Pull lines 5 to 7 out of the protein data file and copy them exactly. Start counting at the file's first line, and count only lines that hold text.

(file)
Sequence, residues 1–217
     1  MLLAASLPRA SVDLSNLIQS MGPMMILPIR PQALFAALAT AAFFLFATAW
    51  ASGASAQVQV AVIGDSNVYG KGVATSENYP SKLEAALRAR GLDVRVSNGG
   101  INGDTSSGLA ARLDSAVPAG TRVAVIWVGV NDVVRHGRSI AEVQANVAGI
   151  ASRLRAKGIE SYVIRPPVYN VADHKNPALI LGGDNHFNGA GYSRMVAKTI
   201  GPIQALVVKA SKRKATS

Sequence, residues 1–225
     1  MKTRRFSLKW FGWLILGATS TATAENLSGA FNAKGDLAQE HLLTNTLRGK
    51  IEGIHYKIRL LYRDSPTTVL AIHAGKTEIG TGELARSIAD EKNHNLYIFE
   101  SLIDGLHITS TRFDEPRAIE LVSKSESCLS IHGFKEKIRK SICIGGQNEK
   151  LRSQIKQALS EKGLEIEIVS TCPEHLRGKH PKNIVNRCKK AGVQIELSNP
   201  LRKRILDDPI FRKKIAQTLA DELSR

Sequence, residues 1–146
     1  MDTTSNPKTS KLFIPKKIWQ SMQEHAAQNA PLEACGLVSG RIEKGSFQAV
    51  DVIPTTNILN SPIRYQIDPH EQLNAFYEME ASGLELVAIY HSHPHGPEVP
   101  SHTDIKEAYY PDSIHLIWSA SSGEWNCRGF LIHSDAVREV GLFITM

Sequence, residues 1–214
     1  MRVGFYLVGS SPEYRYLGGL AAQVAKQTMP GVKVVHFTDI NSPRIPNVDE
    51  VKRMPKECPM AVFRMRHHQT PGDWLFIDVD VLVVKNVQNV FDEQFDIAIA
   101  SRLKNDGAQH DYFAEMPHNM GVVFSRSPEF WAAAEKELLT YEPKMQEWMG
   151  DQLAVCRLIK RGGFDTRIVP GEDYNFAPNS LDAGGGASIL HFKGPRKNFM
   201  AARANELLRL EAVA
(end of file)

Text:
   151  ASRLRAKGIE SYVIRPPVYN VADHKNPALI LGGDNHFNGA GYSRMVAKTI
   201  GPIQALVVKA SKRKATS

Sequence, residues 1–225